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Looking at Ptolemaic Private Portraiture
Author: Giorgia Cafici
In The Egyptian Elite as Roman Citizens Giorgia Cafici offers the analysis of private, male portrait sculptures as attested in Egypt between the end of the Ptolemaic and the beginning of the Roman Period.

Ptolemaic/Early Roman portraits are examined using a combination of detailed stylistic evaluation, philological analysis of the inscriptions and historical and prosopographical investigation of the individuals portrayed. The emergence of this type of sculpture has been contextualised, both geographically and chronologically, as it belongs to a wider Mediterranean horizon.

The analysis has revealed that eminent members of the Egyptian elite decided to be represented in an innovative way, echoing of portraits of eminent Romans of the Late Republic, whose identity was surely known in Egypt.
Author: Fredrik Hagen
In Ostraca from the Temple of Millions of Years of Thutmose III, Fredrik Hagen publishes a range of texts from recent excavations at Thebes. Although fragmentary, the corpus is one of the richest that have come to light for a generation, in terms of both the number of ostraca and the different types of texts represented, and provides essential new data for anyone interested in ancient Egyptian temples, religion, priests, and social history.

The texts shed light on many aspects of life in an Egyptian temple, including the building of the temple, the daily operations of its cult, the organisation and size of the priesthood, types and quantities of offerings, as well as the broader cultural issues of literacy and the transmission of literature.
This book is the first ever edition of an abnormal hieratic business archive from the Louvre once kept by a mortuary priest in 7th century BCE Thebes (Egypt). In addition to providing a full edition of the eight texts from this unique – and partly unpublished – archive, the author also discusses points of Late Period history, law, economics, religion, grammar, and chronology. Of equal note is the particular focus on abnormal hieratic palaeography, thereby turning this publication into a genuine handbook for the study of the most difficult script from Ancient Egypt that will serve students for the next hundred years, offering a unique insight into the ancient Egyptian abnormal hieratic and demotic legal traditions.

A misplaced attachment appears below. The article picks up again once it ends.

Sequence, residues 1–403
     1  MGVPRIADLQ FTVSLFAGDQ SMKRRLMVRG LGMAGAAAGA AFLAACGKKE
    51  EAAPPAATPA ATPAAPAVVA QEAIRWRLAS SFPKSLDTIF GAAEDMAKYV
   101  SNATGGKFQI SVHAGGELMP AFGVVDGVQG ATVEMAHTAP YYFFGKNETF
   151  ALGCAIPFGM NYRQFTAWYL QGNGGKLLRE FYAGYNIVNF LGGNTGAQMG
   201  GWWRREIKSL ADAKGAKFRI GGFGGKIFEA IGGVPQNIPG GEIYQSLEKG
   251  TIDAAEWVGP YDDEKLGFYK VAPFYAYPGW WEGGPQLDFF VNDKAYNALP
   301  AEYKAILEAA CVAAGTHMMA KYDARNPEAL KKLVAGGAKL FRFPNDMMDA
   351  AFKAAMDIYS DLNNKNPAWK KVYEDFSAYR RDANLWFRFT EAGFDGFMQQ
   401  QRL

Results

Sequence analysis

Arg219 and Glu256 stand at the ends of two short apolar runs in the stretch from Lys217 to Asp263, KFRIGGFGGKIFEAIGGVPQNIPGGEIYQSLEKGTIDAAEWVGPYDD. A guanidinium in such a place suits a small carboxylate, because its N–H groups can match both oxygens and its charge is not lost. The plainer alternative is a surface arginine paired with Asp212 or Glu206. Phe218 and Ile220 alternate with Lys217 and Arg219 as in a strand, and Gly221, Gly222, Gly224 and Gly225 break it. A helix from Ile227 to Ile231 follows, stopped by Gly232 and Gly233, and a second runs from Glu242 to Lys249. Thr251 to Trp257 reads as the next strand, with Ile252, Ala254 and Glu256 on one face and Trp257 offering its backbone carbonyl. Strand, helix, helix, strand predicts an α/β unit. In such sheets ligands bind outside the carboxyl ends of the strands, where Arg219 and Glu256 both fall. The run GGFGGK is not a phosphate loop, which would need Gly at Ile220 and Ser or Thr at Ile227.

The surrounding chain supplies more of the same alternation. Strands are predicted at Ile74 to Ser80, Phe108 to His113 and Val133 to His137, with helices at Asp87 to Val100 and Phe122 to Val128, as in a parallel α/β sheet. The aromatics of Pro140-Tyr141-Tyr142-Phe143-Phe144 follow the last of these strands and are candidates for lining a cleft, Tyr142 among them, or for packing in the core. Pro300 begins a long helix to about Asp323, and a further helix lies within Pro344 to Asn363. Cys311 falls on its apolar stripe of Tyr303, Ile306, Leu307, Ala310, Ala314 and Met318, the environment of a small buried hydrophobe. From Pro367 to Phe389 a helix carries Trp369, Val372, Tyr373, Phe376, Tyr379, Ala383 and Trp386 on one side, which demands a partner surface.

Author: Ido Koch
In Colonial Encounters in Southwest Canaan during the Late Bronze Age and the Early Iron Age Koch offers a detailed analysis of local responses to colonial rule, and to its collapse. The book focuses on colonial encounters between local groups in southwest Canaan (between the modern-day metropolitan areas of Tel Aviv and Gaza) and agents of the Egyptian Empire during the Late Bronze Age (16th–12th centuries BCE). This new perspective presents the multifaceted aspects of Egyptian colonialism, the role of local agency, and the reshaping of local practices and ideas. Following that, the book examines local responses to the collapse of the empire, mechanisms of societal regeneration during the Iron Age I (12th–10th centuries BCE), the remnants of the Egyptian–Canaanite colonial order, and changes in local ideology and religion.
Middle Kingdom Palace Culture and Its Echoes in the Provinces addresses the significant gaps that remain in scholarly understanding about the origins and development of Egypt’s “Classical Age”. The essays in this volume are the end result of a conference held at the University of Jaén in Spain to study the history, archaeology, art, and language of the Middle Kingdom. Special attention is paid to provincial culture, perspectives, and historical realities. The distinguished group of Egyptologists from around the world gathered to consider the degree of influence that provincial developments played in reshaping the Egyptian state and its culture during the period. This volume aims to take a step towards a better understanding of the cultural renaissance, including the ideological transformations and social reorganization, that produced the Middle Kingdom.